The dead bring history to life - Daily Astorian

Tue, Nov 1, 2011
Some of the visiting spirits had lives in common. Donald McTavish, chief executive officer of the Northwest Trading Co., told of meeting the flaxen-haired wench Jane Barnes at a pub in Portsmouth, England, and inviting her on the 13-month ocean voyage to Astoria. Elsewhere in the cemetery, Jane Barnes recounted her version of meeting McTavish  at the bar where she worked. “I enjoyed charismatic debates with the gentleman as they drank their ale,” said Barnes, portrayed by Angela Sidlo.  “I also was a girl who could take care of herself,” and she agreed to the adventure as long as she was paid, and not as a kept woman. The only woman aboard the ship, she hired on to do needlework for the crew for 30 silver shillings a year. Already sold Arriving in Astoria in 1814, they discovered John Jacob Astor’s men had already sold out to the British company, so they renamed the place Fort George, after their king. (A few trees away, Gabriel Franchere, a clerk with the Astor trading company played by Matt Hensley, told his version of the company takeover – see related story).  McTavish, played by Cliff Larson, said Astor’s company was a mess and at odds with the natives, so he went to work organizing the operation and building relations. He assigned a company clerk, Alexander Henry, to watch over Barnes. But just a month after arriving, McTavish drowned when the boat he was riding in capsized. He was buried in one place, although his body was dug up and moved twice, finally to somewhere on the bluff above town. His headstone, one of, if not the oldest in the Northwest, was taken to Portland and later returned to Astoria and is now displayed in the Historical Society’s museum. He lamented an “unending past life of being moved and moved and moved and no rest. I never did get to retire to my estate in Scotland.” Barnes, for her part, said she grieved the loss of the two men until a doctor took her in as his companion. But she was troubled by a Chinook prince who was infatuated with her. When he threatened to no longer do business with the trading company, Barnes was sent back to England without pay. The ship stopped in Alaska, Hawaii and China. She said she met and married a military man in China and had two children. She returned to Astoria in 1818 to pay her respects to her two benefactors before going on to Montreal, where she finally got the company headquarters...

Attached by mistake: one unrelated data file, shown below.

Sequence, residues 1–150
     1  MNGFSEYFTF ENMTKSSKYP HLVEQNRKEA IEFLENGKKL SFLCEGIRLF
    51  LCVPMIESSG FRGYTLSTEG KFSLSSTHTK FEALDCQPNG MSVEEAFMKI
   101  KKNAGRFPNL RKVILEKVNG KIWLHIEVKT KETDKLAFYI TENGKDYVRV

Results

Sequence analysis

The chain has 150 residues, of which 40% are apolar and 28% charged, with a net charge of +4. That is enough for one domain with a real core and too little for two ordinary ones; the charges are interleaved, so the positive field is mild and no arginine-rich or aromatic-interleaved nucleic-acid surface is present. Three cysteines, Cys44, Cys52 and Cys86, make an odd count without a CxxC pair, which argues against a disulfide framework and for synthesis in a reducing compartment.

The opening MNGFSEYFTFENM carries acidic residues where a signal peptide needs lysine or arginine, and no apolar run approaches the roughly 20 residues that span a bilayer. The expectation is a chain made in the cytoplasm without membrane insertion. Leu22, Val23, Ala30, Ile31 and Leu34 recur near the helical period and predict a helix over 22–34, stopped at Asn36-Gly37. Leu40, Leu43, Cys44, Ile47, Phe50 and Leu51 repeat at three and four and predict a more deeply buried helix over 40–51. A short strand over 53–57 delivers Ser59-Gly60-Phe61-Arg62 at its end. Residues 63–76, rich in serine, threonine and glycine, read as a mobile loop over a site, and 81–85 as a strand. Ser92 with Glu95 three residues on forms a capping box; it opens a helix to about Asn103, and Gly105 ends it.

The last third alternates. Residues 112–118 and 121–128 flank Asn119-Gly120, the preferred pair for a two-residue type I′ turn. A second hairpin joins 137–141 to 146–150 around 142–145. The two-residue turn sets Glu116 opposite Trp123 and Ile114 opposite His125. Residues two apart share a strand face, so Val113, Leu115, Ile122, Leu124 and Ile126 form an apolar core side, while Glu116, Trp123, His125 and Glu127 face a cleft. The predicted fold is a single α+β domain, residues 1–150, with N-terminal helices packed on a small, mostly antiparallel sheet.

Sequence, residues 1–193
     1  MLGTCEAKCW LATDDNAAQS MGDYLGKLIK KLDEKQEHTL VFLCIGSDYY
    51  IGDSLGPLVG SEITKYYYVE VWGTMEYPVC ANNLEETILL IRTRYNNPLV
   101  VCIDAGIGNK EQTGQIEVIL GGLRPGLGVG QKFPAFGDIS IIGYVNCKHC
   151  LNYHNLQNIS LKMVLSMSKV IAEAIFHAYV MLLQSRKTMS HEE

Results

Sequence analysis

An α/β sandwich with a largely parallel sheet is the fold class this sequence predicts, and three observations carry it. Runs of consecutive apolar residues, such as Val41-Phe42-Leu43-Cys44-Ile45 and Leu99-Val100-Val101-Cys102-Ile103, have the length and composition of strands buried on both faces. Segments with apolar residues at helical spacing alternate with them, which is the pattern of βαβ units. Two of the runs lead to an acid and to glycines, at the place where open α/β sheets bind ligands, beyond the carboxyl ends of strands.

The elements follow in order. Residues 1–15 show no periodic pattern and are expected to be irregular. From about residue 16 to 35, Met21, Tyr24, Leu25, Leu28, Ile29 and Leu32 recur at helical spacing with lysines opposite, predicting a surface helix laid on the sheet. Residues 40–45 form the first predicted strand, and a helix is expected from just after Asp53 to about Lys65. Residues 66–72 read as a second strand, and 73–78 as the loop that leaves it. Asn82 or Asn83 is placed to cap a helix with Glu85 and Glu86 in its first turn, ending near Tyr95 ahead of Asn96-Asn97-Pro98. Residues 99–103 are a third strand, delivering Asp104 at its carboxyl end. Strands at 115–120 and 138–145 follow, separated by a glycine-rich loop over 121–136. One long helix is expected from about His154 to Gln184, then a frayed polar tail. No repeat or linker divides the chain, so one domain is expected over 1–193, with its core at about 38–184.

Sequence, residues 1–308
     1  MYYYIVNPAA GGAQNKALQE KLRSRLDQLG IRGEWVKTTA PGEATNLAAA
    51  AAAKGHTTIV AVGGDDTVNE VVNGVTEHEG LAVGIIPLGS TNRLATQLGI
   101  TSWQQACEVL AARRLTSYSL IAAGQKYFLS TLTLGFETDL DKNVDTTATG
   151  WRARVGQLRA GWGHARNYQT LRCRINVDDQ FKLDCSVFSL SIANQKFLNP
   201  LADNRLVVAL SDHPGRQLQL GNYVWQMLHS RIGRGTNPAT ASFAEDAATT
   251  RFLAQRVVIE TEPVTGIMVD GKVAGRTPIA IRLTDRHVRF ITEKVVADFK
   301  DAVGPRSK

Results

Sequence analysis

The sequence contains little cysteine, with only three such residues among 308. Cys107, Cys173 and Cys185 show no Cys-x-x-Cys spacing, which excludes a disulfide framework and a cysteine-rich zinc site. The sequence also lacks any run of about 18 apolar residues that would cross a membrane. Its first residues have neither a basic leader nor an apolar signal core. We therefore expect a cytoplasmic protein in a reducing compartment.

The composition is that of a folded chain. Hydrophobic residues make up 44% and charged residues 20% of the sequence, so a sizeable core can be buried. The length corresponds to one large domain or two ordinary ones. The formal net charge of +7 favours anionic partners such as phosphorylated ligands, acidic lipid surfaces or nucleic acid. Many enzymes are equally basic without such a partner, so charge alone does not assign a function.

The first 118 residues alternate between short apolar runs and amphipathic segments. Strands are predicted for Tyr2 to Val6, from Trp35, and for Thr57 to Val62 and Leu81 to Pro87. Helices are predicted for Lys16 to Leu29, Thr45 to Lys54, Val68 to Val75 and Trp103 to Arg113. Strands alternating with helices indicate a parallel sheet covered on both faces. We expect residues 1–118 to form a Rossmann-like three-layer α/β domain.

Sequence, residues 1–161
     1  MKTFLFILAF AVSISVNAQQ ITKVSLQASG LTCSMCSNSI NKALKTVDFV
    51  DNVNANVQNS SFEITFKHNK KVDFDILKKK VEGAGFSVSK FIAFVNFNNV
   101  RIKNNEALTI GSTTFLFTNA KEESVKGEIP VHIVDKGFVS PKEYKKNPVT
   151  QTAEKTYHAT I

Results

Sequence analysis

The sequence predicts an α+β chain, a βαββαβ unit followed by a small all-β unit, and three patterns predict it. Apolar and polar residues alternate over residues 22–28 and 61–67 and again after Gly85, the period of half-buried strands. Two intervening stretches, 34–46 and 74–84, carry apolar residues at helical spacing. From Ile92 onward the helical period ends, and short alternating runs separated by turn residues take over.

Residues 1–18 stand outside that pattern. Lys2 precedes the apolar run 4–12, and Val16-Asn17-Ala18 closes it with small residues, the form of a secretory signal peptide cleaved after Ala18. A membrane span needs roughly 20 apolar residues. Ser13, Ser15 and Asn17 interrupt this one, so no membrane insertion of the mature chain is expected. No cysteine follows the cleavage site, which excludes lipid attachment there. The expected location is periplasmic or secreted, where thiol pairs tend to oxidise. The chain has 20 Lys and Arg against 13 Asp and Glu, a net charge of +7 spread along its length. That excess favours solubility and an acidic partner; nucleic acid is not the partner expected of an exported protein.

Obits for Sept. 10

Sun, Sep 11, 2011
Honolulu; six grandchildren and three great-grandchildren; numerous nieces and nephews. Arrangements by Dodo Mortuary, Kona. Lorna Lea Lynn, 58, of Hawi died Aug. 27 at Hale Ho'ola Hamakua. Born in Portsmouth, Va., she was a restaurateur. Services held. Survived by companion, Richard Bailey of Hawi; daughter, Dylan Lynn of California; son, Ian Lynn of California; sisters, Linda Nelson of East Jordan, Mich., and Sandra (Thomas) McGeorge of Boyne City, Mich.; numerous nieces and nephews. Arrangements by Cremation Services of West Hawaii. Jeffrey "Jeff" "Opihi Man" Banning Pagaduan, 48, of Kailua-Kona died Aug. 30 at Kona Community Hospital. Born in Kahuku, he was a journeyman carpenter and a fisherman. Memorial service 10 a.m. Saturday, Sept. 17, at Old Kona Airport pavilion No. 3. Casual attire; no flowers. Condolences to Syl Ahlo, P.O. Box 1244, Kailua-Kona, HI 96745. Survived by daughter, Michelle Talbit of Arizona; mother, Syl Ahlo of Kailua-Kona; brothers, Alfred (Susan) Pagaduan of Tacoma, Wash., Eugene Pagaduan of Kailua-Kona, Gem (Lacey) Ahina of Hilo and Jerry Conn of Kalaoa, Kona; sisters, Kerisa (Robert) Carmelo of Kainaliu, Pammie (Michael) Bedsaul of Hilo and Tabu (Mark) Ahlo of Ocean View; numerous aunts, uncles, nieces, nephews, grandnieces, grandnephews and cousins. Arrangements by Dodo Mortuary, Kona. Jovan L.L. Tolentino, 28, of Keaau, died Aug. 25 at home. She was born in Honolulu. (Hawaii Tribune Herald)